Cancer Society Supports Groundbreaking U of G Research

June 24, 2010 - News Release

A University of Guelph molecular and cellular biology professor who is studying how tumour cells become resistant to chemotherapy drugs has received an additional $370,000 over three years from the Canadian Cancer Society Research Institute. This funding builds on the nearly $713,000 Frances Sharom received from the national agency in 2005.

The funding will support Sharom’s groundbreaking research on a membrane protein involved in the resistance of tumours to drugs designed to kill them. When this phenomenon — known as multi-drug resistance — happens, cancer treatment fails.

Multi-drug resistance is a major problem in treatment of tumours of the colon, breast and kidney, as well as leukemias, multiple myeloma and childhood cancers. It’s the single greatest barrier to successful cancer chemotherapy treatment, so even a small reduction in drug resistance could save thousands of lives.

The Sharom research team is studying a protein pump called P-glycoprotein (Pgp) found in the cell membrane of some multi-drug-resistant tumour cells. Scientists believe the pump is important in non-cancerous cells in removing toxic compounds from the body. But in tumours, it also pumps out chemotherapy drugs, enabling the cells to survive and grow. Sharom hopes that, by identifying how this process works at the molecular level, her research could help solve the problem of cancer cells becoming drug-resistant. Her long-term goal is to develop new treatments for improving chemotherapy in drug-resistant forms of cancer.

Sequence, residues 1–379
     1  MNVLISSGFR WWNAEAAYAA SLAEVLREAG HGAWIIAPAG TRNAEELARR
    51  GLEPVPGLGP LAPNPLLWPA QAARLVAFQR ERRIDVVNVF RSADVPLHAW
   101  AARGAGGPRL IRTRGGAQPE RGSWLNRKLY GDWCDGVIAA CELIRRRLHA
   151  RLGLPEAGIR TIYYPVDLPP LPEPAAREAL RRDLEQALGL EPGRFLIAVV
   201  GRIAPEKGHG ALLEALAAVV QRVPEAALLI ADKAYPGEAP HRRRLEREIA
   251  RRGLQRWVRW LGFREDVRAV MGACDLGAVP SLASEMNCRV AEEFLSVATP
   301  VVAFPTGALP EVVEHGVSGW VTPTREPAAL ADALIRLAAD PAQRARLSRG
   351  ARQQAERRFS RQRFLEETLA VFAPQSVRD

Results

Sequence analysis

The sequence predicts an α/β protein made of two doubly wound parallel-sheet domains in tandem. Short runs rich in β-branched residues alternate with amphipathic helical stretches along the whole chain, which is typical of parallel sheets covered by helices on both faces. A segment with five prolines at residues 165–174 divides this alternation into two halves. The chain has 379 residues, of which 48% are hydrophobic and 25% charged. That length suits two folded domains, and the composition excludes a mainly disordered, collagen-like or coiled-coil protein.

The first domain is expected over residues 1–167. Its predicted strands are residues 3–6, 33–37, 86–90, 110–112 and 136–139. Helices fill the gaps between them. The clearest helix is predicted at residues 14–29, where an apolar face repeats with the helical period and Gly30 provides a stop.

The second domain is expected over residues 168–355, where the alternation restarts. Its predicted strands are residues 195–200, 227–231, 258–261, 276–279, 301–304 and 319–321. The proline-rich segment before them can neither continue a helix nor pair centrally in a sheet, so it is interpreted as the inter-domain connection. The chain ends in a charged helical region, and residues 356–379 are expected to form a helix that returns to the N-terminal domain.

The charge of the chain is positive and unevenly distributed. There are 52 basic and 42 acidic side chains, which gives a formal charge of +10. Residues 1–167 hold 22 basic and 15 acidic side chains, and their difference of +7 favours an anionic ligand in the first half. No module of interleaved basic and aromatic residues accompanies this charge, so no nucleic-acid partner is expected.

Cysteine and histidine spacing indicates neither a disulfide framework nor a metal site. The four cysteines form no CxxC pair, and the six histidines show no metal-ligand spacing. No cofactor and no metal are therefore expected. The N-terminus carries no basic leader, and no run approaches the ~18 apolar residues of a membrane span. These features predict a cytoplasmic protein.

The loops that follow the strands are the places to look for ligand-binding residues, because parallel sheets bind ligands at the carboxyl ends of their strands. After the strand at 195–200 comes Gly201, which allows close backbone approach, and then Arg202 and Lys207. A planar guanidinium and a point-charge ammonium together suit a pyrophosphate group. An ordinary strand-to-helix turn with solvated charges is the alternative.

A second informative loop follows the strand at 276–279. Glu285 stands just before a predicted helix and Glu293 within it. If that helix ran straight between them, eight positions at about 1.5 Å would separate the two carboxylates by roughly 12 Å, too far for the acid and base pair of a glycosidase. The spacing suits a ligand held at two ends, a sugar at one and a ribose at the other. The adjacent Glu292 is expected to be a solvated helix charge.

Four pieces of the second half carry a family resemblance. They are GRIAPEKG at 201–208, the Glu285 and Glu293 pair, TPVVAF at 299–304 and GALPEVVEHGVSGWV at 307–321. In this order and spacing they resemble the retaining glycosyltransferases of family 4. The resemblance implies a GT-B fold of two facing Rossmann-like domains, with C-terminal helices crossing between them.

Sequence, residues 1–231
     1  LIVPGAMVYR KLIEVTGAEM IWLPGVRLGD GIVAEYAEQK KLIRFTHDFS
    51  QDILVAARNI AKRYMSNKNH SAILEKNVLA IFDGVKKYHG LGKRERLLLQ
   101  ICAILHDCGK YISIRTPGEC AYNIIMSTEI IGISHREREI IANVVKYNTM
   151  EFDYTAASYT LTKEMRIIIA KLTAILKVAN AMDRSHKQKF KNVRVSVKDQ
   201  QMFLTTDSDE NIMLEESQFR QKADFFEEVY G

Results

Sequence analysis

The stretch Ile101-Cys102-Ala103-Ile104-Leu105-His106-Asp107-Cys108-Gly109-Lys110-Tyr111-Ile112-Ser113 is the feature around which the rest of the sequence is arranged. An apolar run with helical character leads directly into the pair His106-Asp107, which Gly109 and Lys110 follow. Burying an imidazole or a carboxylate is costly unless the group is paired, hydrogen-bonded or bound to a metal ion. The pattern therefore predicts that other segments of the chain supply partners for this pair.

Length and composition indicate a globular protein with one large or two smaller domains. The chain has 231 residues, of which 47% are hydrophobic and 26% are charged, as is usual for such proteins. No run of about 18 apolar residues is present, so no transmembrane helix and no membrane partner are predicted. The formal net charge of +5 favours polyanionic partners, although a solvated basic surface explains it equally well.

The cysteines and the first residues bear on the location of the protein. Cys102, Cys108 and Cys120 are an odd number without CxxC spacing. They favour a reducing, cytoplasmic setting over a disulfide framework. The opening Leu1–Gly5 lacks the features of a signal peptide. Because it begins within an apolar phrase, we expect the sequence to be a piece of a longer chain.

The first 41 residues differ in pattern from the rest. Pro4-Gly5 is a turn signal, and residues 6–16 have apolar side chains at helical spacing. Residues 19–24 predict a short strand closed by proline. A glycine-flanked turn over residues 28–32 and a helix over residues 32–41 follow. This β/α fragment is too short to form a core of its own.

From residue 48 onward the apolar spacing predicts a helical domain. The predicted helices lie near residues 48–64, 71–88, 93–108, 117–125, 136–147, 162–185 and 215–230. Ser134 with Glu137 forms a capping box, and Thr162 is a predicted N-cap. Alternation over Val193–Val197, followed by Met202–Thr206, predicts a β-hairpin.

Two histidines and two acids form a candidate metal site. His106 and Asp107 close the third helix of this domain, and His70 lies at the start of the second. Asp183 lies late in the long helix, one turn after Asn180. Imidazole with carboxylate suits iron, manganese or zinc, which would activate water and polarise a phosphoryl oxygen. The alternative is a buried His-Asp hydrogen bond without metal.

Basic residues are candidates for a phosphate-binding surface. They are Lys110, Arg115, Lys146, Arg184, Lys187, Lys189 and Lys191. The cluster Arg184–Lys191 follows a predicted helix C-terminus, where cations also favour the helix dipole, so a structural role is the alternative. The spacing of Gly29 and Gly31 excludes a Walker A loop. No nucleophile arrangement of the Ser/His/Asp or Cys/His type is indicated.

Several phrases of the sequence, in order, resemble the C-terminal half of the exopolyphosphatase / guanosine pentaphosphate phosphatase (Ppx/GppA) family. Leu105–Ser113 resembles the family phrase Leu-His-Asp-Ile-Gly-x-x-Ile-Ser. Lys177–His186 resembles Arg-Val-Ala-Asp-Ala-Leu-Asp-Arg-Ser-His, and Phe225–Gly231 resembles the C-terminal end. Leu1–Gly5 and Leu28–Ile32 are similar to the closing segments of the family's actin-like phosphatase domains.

The Pgp drug pump belongs to a large protein family first discovered in the early 1980s. Sharom’s research team was among the first to purify Pgp and begin biochemical studies on it in the 1990s. “Pgp contains an unusually large ‘pocket’ for binding drugs,” she said, adding that her research team has found that the pocket can accommodate two different drug molecules at once. They’re investigating where precisely each drug binds and how readily a second drug binds after the first one has been "pocketed." “This is important in clinical therapy because cancer patients are often treated with cocktails of several different chemotherapy drugs.” The Sharom group can track the pocketing process in milliseconds, using specialized instrumentation.

They are also investigating how cellular energy powers drug transport. “We have discovered a special form of Pgp that is ‘frozen’ at one stage of the transport process, which we can use to find out how energy input changes the shape of the protein.”

Sharom, who holds a prestigious Tier 1 Canada Research Chair in Membrane Protein Biology, uses novel biophysical and biochemical approaches to study membrane proteins important in health and disease. About one-third of all DNA sequences in the human genome encode membrane proteins, which are vital in cancer, genetic diseases such as cystic fibrosis, and bacterial and viral infections. Yet scientists know little about the structure of these proteins and how they work, she said.

Sharom has written more than 125 refereed journal articles and book chapters. She directed the Biophysics Interdepartmental Group at U of G from 2003 to 2008. She was president of the Canadian Society of Biochemistry, Molecular and Cellular Biology. Her work is also supported by the Natural Sciences and Engineering Research Council of Canada.

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